Deputy Prime Minister Chrystia Freeland was briefly blocked from entering Halifax city hall on Wednesday afternoon by demonstrators supporting the opposition by Wet'suwet'en hereditary chiefs' to the construction of a gas pipeline through northern B.C.
Demonstrations against the project have been erupting in cities across Canada in recent days. Freeland was confronted by dozens of protesters, but was eventually able to enter city hall with the help of Halifax Regional Police.
"I absolutely respect the right of Canadians around the country to exercise their right to peaceful protest," Freeland told reporters.
"The protesters did express the view that they wanted to prevent me from having the meeting with the mayor [Mike Savage] and his team. Respectfully, that was not a view I was prepared to agree with."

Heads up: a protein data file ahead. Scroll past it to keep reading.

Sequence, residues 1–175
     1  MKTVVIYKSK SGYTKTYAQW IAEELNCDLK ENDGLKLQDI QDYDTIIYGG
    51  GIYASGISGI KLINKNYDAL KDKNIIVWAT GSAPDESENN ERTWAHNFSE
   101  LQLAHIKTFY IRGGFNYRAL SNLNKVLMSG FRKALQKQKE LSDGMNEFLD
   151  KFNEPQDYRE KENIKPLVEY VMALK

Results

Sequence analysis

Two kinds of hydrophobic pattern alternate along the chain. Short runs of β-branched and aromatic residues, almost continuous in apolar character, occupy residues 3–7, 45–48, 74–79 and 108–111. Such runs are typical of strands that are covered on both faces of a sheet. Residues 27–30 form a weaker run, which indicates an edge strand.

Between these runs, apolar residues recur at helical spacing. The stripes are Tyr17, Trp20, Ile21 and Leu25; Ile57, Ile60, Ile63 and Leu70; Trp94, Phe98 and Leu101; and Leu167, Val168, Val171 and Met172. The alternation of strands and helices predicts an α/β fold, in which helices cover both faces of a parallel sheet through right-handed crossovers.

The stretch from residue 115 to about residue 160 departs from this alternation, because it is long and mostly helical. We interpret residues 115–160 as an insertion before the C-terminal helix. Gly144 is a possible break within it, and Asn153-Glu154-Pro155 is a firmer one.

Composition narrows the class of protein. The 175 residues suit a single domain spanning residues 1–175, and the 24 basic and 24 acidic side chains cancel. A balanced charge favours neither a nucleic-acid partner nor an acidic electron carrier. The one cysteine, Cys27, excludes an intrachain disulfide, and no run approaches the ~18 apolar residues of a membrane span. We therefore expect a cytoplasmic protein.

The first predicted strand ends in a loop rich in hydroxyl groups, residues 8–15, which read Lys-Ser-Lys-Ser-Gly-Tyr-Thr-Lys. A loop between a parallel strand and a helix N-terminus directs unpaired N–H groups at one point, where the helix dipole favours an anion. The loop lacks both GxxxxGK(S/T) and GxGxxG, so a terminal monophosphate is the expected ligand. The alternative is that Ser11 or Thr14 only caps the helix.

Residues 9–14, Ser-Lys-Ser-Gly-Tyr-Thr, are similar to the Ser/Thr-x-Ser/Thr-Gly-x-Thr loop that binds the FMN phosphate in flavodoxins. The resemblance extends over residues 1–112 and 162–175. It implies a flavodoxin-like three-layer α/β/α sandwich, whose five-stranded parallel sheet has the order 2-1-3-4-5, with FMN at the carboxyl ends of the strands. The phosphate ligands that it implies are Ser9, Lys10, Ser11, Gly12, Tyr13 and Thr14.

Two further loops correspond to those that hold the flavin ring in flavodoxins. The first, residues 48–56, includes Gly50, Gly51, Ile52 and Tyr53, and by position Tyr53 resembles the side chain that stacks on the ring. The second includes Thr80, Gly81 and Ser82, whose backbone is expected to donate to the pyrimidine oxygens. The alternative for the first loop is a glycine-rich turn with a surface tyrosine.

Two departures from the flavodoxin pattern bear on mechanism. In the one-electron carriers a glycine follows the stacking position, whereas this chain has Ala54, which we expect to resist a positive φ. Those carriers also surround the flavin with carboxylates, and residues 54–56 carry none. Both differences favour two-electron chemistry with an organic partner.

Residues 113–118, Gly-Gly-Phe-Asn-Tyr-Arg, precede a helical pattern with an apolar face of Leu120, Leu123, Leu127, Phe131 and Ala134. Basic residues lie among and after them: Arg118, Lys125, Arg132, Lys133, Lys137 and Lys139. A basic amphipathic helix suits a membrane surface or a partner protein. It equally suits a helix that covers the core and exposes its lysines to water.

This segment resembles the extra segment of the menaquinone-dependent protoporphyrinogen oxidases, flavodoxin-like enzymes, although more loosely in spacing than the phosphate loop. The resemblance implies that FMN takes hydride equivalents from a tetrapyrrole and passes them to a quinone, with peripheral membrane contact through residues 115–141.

She said it's important for all people in Canada, including government officials, to be able to "go about their rightful and legitimate business."
Freeland had to squeeze her way through the crowd in front of city hall. She said it was the first time anyone had tried to physically prevent her from doing something.
When asked if she was injured, Freeland said she was fine.
"I'm pretty tough," she said.
Police say no arrests were made and demonstrators did not interfere when Freeland eventually entered the building.
Freeland said she travels without security and trusts Canadians.
She said Indigenous rights and environmental issues are things many Canadians care about.
In Vancouver on Wednesday, Wet'suwet'en supporters blocked traffic in the downtown core.
On Tuesday, Via Rail said it was forced to cancel 157 trains across the busy Toronto-Montreal corridor because of the demonstrations.
On the same day in Halifax, about 140 people blocked access to the Ceres containter terminal.
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